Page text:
(by Dustin Putman
In a vast departure from his usual screenwriting work with Roberto Orci (2007's "Transformers" and 2009's "Star Trek"), Alex Kurtzman demonstrates that his interests aren't strictly within the sci-fi realm with his directorial debut "People Like Us." First and foremost a character drama - and one that goes to unnecessarily great pains to inform audiences it is "Inspired by True Events" (Kurtzman's own, actually) - the film is very much a tale of two sensibilities. On the one hand, it errs toward contrivance and the sort of prolonged conflicts that drag the story out while frustrating viewers. On the other, it works in spite of its problems due to some fine performances and a bizarre dynamic that very nearly finds romance in a relationship between half-siblings. That latter description is certainly not something one sees every day in their wide-release Hollywood fare. Article continues below
30-year-old Sam Harper (Chris Pine) is a hot-shot corporate barter who gets into some hot water with his boss (Jon Favreau) on the same day he learns his record producer father has passed away. Returning to his hometown of Los Angeles for just the fourth time in twelve years, Sam half-heartedly attempts to reconnect with his fed-up mother, Lillian (Michelle Pfeiffer), while beginning to shut out girlfriend Hannah (Olivia Wilde). He has plenty of hang-ups with the way his dad parented him, but those are only the tip of the iceberg when he is given $150,000 and a note from his dad asking him to deliver the money to his 11-year-old nephew Josh (Michael Hall D'Addario). Learning for the first time that he has a sister named Frankie (Elizabeth Banks)—Josh's mother—Sam secretly tracks her down first at her apartment and then later at an AA meeting. Still undecided about what he is going to do with the money—some lawyers breathing down his neck over a violation of the Trade Commission Act has him especially worried—Sam befriends Frankie and Josh without disclosing his identity. As he comes to terms with this whole other life Sam never knew his father had, Frankie starts to feel something stronger for this new man in her and her son's lives.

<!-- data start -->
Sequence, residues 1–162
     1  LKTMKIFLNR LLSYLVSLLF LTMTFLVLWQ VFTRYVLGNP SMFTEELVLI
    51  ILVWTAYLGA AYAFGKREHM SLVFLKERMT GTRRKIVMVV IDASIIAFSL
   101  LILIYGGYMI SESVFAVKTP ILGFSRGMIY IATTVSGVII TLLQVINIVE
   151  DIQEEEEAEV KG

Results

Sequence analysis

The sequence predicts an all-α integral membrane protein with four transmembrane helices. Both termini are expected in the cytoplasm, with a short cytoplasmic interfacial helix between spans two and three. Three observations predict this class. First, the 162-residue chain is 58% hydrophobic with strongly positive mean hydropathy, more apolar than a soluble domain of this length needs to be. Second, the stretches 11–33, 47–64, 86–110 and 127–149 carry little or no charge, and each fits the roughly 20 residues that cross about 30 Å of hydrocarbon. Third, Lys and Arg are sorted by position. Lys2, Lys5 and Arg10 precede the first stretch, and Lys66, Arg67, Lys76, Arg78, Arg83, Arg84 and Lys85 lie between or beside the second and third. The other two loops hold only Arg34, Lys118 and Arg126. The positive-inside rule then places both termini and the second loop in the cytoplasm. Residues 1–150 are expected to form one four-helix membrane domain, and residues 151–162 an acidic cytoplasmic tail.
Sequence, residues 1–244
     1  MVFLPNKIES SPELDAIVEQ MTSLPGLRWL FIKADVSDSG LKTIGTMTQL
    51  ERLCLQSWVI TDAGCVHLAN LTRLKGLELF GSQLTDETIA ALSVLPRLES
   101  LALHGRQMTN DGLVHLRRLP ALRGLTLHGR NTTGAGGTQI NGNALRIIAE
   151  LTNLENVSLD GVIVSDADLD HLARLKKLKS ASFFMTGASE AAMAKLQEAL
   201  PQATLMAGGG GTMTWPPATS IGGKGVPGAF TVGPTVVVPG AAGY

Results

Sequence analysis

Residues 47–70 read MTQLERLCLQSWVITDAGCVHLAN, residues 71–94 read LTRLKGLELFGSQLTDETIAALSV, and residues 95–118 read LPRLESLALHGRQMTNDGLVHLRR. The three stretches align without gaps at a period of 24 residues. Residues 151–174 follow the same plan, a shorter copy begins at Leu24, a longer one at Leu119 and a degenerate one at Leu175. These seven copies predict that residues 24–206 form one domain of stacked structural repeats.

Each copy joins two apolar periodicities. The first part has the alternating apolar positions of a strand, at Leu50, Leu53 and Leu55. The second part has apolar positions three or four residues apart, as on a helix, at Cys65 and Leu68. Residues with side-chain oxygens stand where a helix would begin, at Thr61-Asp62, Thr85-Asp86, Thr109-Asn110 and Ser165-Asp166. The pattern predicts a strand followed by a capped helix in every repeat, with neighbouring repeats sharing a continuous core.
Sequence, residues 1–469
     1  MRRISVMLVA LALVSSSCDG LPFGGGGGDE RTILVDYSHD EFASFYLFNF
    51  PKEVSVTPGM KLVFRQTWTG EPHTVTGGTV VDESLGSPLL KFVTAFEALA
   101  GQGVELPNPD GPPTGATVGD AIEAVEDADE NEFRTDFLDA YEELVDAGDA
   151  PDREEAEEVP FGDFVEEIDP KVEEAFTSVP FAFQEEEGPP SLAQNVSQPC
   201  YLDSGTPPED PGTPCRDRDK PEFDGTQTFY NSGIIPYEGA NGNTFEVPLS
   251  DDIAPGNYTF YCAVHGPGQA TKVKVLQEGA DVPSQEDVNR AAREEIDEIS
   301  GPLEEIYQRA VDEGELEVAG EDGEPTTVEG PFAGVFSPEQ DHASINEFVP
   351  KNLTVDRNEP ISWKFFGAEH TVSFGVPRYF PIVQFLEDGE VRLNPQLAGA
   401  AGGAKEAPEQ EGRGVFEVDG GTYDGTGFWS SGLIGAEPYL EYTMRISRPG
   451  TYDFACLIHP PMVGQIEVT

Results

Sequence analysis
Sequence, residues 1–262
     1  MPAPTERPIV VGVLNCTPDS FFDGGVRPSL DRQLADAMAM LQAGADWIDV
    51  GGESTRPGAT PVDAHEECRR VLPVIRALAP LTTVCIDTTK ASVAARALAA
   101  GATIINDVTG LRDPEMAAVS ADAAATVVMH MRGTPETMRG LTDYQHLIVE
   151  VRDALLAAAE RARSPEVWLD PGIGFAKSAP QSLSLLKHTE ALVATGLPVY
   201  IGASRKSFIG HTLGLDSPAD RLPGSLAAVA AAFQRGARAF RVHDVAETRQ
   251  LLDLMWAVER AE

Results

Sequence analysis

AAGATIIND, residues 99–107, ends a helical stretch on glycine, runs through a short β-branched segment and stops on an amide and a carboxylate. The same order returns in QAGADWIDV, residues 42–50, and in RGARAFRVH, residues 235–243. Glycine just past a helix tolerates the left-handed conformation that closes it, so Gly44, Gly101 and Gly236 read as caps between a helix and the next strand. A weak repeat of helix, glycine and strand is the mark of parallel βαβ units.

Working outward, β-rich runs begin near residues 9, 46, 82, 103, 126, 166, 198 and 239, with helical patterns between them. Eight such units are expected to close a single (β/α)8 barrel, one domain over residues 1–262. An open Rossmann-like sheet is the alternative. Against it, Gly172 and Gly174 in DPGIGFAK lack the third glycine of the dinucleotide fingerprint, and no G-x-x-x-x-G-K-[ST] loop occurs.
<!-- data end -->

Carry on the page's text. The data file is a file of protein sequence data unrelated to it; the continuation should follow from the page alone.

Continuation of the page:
In "People Like Us," Sam could argue that he has his reasons for not being up-front and honest with Frankie about his true identity. He's mad at his dad, for one, and might just keep the money as payment for not being given the kind of reliable father he thinks he deserved. On top of that, there is the very real possibility that he's about to be sued and will need all the funds he can get. Deep down inside, though, Sam knows what is right, and that is to honor whatever his parent's last wishes were. As he gets in tighter with Frankie and Josh, his choice to still not come clean with them becomes downright cruel. Even if the viewer strongly disagrees with Sam's choices, however, this is not an overall deal-breaker. Credit screenwriters Alex Kurtzman, Robert Orci, and first-timer Jody Lambert for recognizing Sam's mistakes rather than simply dumbing down their narrative as a means of prolonging the running time. When the truth finally comes out, Frankie feels every bit as betrayed by him as she does by her estranged father. The film understands that her emotions are warranted. After all, she's just tried to kiss him for the first time.